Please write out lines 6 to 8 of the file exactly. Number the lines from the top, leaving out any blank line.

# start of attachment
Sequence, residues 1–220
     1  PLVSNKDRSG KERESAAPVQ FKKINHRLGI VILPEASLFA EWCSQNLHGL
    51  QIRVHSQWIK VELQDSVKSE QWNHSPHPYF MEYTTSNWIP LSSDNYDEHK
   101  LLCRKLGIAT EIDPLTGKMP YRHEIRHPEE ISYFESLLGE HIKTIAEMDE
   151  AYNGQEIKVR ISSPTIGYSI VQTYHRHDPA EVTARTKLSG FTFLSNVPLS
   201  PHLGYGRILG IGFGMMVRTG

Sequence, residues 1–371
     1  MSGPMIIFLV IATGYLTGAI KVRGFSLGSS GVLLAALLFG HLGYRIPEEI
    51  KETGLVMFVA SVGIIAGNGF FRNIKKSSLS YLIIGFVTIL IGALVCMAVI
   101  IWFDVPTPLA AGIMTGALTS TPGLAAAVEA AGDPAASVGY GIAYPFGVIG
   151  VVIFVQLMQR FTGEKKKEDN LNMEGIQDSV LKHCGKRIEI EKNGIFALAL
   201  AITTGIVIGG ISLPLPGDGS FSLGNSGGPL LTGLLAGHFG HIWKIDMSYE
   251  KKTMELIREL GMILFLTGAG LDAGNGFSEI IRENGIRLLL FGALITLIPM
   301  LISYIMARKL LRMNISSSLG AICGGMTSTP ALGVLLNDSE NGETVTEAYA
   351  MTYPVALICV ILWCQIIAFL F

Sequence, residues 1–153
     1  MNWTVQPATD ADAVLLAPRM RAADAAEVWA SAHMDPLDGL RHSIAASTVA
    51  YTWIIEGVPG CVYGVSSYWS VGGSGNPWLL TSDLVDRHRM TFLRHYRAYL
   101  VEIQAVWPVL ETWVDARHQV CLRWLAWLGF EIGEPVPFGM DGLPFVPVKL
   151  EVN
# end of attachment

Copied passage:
   201  PHLGYGRILG IGFGMMVRTG

Sequence, residues 1–371
     1  MSGPMIIFLV IATGYLTGAI KVRGFSLGSS GVLLAALLFG HLGYRIPEEI